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    How a crash landing became a successful failure

    Editor’s Note: Welcome to “Eye Catching: Let's Chat,” a blog series featuring contributions from members of the ophthalmic community. These blogs are an opportunity for ophthalmic bloggers to engage with readers with about a topic that is top of mind, whether it is practice management, experiences with patients, the industry, medicine in general, or healthcare reform. The series continues with this blog by Mark Packer, MD, FACS, CPI. The views expressed in these blogs are those of their respective contributors and do not represent the views of Ophthalmology Times or UBM Advanstar.


    Fred was a private pilot in his mid-50s who had an unusual right eye, an equally unusual complication during surgery and, in the end, a completely satisfactory result.

    Fred’s left eye was relatively normal, with just a little farsightedness and astigmatism, + 0.50 + 0.25 X 180, with 20/15 best-corrected visual acuity (BCVA).

    His right eye was highly myopic and also had significant astigmatism, - 9.25 + 4.75 X 63.  Nevertheless, he had a surprisingly good BCVA of 20/30+.  Corneal topography showed some mild irregularity. 

    More on OT: Best ophthalmic hospitals in the U.S.

    He had virtually no nuclear opalescence, just normal age-related yellowing.

    He had been treated for amblyopia as a child, but most of his life he had just ignored the eye. There were times when he tried to correct the vision with a contact lens, but he did not find wearing a lens comfortable because he had a facial palsy on the same side as his odd eye. 

    In his case, an idiopathic Bell’s palsy had persisted for many years, accompanied by intermittent symptoms of exposure keratopathy, usually during dry, cold, or windy weather.  Slit lamp exam showed 1 mm to 2 mm lagophthalmos, and just a few dots of punctate staining inferiorly on the cornea.  He had a decent Bell’s reflex, and only occasionally used artificial tears or gels.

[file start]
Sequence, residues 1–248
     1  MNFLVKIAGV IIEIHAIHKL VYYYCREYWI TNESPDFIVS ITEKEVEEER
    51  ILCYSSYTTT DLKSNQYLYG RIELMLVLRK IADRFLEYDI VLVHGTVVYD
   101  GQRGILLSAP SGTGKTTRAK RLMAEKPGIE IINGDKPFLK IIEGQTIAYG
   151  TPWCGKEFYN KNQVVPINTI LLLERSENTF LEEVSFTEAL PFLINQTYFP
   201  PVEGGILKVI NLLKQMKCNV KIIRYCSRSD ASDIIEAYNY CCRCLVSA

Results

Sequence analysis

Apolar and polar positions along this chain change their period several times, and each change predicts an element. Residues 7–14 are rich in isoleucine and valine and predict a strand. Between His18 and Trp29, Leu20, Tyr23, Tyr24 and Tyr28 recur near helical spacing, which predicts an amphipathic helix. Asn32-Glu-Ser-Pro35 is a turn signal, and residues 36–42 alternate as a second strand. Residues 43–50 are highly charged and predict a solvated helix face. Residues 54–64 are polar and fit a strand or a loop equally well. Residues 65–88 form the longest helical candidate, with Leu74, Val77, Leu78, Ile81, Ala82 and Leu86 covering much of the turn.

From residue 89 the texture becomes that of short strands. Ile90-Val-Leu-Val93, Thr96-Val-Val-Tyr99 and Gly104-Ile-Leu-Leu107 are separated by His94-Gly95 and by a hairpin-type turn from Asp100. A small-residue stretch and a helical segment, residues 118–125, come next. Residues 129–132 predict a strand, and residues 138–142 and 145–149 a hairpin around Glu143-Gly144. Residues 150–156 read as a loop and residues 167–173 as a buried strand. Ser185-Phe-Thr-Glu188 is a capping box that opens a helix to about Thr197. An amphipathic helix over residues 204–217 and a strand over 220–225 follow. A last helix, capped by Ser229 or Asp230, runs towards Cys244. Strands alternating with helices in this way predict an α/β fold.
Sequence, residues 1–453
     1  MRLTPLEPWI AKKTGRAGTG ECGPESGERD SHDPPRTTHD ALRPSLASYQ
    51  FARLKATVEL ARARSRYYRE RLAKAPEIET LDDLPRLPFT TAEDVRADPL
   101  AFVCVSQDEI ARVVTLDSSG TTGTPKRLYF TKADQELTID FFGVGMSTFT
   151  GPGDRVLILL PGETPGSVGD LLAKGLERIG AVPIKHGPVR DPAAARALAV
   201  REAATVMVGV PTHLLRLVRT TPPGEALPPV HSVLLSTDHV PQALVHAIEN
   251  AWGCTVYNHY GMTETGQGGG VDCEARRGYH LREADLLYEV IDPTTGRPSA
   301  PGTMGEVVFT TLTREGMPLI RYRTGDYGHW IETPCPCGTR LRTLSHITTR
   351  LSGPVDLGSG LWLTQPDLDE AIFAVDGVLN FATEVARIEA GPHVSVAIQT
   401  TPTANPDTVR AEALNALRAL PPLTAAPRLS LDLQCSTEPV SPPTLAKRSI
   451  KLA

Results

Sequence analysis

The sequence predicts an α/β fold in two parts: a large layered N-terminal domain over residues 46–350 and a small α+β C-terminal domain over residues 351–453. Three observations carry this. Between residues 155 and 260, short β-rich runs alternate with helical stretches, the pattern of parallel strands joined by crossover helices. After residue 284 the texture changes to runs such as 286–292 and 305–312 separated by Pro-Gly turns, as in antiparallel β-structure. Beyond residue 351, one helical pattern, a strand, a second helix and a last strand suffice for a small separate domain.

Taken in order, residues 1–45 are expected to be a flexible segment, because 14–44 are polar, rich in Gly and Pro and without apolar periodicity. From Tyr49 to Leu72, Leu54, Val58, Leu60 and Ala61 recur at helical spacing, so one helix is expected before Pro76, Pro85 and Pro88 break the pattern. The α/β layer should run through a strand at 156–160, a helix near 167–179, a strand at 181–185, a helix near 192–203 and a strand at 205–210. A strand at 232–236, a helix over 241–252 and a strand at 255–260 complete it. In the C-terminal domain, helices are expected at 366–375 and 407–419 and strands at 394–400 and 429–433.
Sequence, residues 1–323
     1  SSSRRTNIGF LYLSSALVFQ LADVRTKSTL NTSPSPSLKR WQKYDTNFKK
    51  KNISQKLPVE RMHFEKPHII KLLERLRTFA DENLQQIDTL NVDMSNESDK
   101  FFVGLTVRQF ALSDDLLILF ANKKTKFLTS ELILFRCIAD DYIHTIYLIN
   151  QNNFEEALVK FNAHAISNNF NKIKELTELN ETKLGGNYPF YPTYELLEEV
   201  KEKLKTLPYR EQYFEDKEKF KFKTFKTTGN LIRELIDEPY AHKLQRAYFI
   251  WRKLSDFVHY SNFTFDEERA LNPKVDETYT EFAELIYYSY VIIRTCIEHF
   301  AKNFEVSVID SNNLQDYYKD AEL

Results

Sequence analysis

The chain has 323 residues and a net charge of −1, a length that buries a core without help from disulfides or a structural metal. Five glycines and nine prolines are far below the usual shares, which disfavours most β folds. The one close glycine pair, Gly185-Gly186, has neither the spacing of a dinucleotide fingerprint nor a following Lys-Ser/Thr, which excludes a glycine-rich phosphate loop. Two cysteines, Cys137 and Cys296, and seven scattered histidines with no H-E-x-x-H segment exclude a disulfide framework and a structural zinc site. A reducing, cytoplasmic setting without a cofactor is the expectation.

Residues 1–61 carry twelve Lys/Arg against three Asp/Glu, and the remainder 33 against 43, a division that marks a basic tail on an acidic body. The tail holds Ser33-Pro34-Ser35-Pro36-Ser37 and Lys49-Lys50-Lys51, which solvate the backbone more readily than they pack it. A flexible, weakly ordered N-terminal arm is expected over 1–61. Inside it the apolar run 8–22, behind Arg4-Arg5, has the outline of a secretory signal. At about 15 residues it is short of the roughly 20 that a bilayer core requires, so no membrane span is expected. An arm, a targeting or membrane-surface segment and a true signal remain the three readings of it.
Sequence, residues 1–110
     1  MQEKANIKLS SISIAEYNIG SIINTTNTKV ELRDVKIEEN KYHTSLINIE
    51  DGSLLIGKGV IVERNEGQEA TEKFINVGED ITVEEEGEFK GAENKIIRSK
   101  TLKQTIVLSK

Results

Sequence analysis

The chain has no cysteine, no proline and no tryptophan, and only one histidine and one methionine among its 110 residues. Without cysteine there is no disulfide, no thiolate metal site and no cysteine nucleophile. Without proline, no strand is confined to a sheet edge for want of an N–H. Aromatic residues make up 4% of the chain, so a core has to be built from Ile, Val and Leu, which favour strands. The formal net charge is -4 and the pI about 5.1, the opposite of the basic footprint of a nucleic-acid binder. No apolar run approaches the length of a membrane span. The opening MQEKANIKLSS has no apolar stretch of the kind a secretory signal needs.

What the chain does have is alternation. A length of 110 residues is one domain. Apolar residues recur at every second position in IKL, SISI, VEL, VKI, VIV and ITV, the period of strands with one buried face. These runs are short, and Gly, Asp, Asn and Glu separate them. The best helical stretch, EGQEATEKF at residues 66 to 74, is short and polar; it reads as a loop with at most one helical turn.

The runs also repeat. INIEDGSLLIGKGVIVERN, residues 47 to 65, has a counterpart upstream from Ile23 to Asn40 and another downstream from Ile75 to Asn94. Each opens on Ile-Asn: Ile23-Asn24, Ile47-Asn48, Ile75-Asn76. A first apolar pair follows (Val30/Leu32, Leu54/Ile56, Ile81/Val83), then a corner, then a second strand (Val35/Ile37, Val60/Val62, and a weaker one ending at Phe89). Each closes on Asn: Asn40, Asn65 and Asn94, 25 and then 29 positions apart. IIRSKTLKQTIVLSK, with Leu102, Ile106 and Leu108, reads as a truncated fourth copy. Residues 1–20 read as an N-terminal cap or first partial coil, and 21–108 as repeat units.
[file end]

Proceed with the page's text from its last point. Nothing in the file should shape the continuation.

Fred had no trouble getting a private pilot’s license.  Apparently FAA standards for general aviation are not as strict as one might think.

    Fred had come to see me to find out if I could make the vision in this eye “normal.”  By “normal,” he meant like his other eye had been when he was 25.  In other words, he’d like to be able to see clearly at distance and near and “everywhere in between” without glasses.

    Read more Let's Chat blogs here

    Fred was also a close friend of one of my employees.  Fred’s wife and my employee shared a lot through their church.  My employee had encouraged Fred to come see me.  Personal relationships like that always create a bit more pressure for a great result.

    So, I was pursuing a quest for perfect vision with freedom from eyeglasses in the face of high myopia and astigmatism, dry eye due to facial palsy, and perpetual updates on his surgical outcome. 

    Next: "Good thing I love a challenge"

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